Bonnie McGill / Blog
*** DADDY'S HOUSE ***
Q: "Daddy's House" is a very strong song with a great story. Could you tell me a little about the writing process for the song? A: Hi Kriz I have seen too many real life situations in our countries that are just like this.. I can't stand child abuse and especially when it comes from right within the homes of so many innocent children. The ones they should trust the most are often the very ones abusing them. This is a very controversial song and I was afraid to even release it at first , but felt it needed to be told.I hope one day a big Country singer will record it and it's message will ring out for all the world to hear.. My greatest hope is that it will bring awareness to a sinister problem that needs to corrected. If my song will help one innocent child It will have been worth it all.. Shortly after the song was first released on reverbnation, a young girl wrote to me and said,"Bonnie, You just told My story." The song is now and has been one of my most played songs on here so far. Thanks so much for asking Kriz. And thanks so much for all who have listened and played this song.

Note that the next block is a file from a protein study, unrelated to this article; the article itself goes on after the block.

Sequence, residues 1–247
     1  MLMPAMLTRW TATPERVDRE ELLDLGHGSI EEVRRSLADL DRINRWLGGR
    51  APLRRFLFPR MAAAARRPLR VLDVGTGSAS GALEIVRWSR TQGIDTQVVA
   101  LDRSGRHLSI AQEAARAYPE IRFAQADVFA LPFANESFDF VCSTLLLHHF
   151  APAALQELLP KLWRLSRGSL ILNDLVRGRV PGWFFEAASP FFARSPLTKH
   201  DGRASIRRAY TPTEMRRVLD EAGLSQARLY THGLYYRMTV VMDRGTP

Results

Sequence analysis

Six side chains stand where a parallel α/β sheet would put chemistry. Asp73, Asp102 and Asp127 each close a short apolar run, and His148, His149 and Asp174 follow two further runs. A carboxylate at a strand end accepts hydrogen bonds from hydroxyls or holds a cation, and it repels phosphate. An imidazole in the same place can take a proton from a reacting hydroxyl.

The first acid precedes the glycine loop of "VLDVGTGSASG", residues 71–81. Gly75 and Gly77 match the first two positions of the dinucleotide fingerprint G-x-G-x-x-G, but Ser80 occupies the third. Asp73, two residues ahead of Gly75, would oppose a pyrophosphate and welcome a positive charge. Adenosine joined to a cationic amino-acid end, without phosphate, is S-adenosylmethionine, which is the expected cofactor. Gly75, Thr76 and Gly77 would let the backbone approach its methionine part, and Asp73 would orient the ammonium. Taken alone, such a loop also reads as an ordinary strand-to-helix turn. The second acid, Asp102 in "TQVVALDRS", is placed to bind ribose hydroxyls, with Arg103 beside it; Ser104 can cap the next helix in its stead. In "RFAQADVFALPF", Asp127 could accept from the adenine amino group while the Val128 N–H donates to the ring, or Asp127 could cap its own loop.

THE LADY IN THE BOTTLE
She's a lady in a bottle, Not a genie, but her spell, Could captivate his very soul, And in love with her he fell.
His wife at home, was beautiful, But he cheated, just the same, In the morning he was sorry, And he always felt ashamed,
He left his kids neglected, More than he wanted to admit, He told himself a million times, The lady he would quit.
But his promises were broken, Like the hearts of those he loved, And he kept on going back to her, He never needed to be shoved.
She was always there when he needed her, And he kept on needing her more, She'd haunt his every waking hour, And at night, he'd walk the floor.
No longer could he hold a job, Though he still had mouths to feed, But still, he'd spend his last two bucks, On his hopeless, endless need.
His wife began to be a drag, She nagged him more and more, One day he couldn't stand it, And he knocked her to the floor.